The Functional Church Blog

koinonia * kerygma * diakonia * marturia

Archive for March, 2010

Building the Kingdom: Essentials vs Non-Essentials

Posted by functionalchurch on 2010/03/29

Had an interesting discussion in our School of Ministry yesterday. We were talking about how the church is to be an example of the Kingdom of God on earth by exhibiting its values and by being a true community.

Of course, our discussion eventually ended up at the old axiom: “in essential matters, unity; in non-essential matters, liberty; in all other matters, charity.” My colleague, William Camba, pointed out that we don’t really seem to have trouble over the essential matters – we aren’t always discussing within our churches whether there really is a trinity or if Jesus is God or not. We do, however, seem to get caught up on the non-essentials – what colour to paint the walls, what kind of music to play, or what clothes we should wear during worship. The thing is there is also a distinct lack of liberty and love expressed during these times. William illustrated his point with a personal story about how he was recently distracted while attending a conference because the speaker was wearing flip-flops. “Why isn’t he wearing shoes?” was the question going through his mind. Upon his observation of the reactions of others to the slippers (ie no one else seemed to be offended), he eventually began to ask himself whether the problem was really his own and perhaps he was making something an essential that really isn’t essential.

The class then went on to discuss that most contentious of church issues, namely music. To be honest I wasn’t really happy with where the rest of the discussion and feel that I wasn’t able to wrap up the day on a positive note. After, however, a lot of thought, I realise we really need to have a way of determining what is essential and what is not so that we can avoid conflict in these areas in the future and so that we can practice the liberty and charity that we want to.

So what makes some things essential and other things non-essential?

Other than certain foundational theological truths that we can’t mess with, we are surrounded by a vast amount of stuff that can be classified as personal preferences – the songs we sing, the words we use, the Bible version we prefer, the clothes we wear, etc. How can we navigate this quagmire?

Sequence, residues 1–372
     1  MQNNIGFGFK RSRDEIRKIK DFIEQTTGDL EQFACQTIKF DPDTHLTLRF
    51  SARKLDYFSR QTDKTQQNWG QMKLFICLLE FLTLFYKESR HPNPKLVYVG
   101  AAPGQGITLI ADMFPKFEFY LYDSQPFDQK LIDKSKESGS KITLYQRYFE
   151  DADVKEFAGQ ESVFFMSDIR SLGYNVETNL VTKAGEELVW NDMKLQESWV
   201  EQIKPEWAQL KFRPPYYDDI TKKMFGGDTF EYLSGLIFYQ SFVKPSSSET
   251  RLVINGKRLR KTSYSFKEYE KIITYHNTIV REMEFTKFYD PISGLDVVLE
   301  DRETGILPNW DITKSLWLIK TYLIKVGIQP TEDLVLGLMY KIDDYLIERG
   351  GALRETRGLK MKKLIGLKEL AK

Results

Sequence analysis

The key is that we need to return to the essentials of the church. For example, the Bible describes a church that is not merely to exist but to function properly. Some call this being missional but for the past few years we at SEATS have been talking about the Functional Church. Our churches are to proclaim the Good News of Jesus Christ (kerygma). They are also to exhibit the values of the Kingdom of God (koinonia). They are to be centers of service to both God and Humans (diakonia), and they are to bear the truth, even to the point of death (marturia).

In determining if something is essential, we need to return to these basic functions. Take the earlier example of music in the church. When we think about being functional in proclaiming the Good News we need to see what is essential. It is essential that the Good News be proclaimed in our public singing but the form that public singing takes is not essential. As long as it gets the job done in the best way possible.

We also need to declare the truth through our music. The form, however, is non-essential. As long as it is effective in declaring the truth then we should do it. If it is not, then we need to modify or change it.

Is it possible to serve through music? As long as the music is functional then its form is secondary. The same goes for proclaiming the values of the kingdom.

You may have noticed that forms are very much based upon societal norms. Keeping music as the example, if we want to reach fans of emo, then we can use emo. If we want to reach fans of country music then use country. If rockers, then rock. And on and on it goes. What is clear is that there is no longer only one societal norm.

So how does the church deal with these issues? One way is by having some kind of multiple services, each one targeted for a different society. (Of course, if you want to check out a different society’s service, prepare to misunderstand it ☺).
Another option for churches is to use the following statement: “We are not doing this particular thing for you – it is for (name of target).” This must be combined with a follow-up: “This is what we are doing for you.”

Paul saw his acting like a Jew or acting like a Greek as nonessentials. He didn’t force people to conform to his preferences but rather conformed to theirs. In light of Paul’s attitude, we need to have the following conversation in our churches:

What is our goal at our church? To have newcomers conform to our list of preferences or to conform to their preferences so they might more easily learn the essentials/become disciples? How can our _______ best fulfill this function? What forms need to be modified? What forms need to be changed? What forms need to be redeemed?

What are your essentials? I encourage the members of SEATS Schools of Ministry to give their opinions on the discussion board on the SEATS Facebook Page.

But just remember: liberty and charity.

Posted in church, church impact, conflict resolution, ecclesiology, kingdom of god, marturia, service, truth-telling | 2 Comments »

How is God at work outside the church?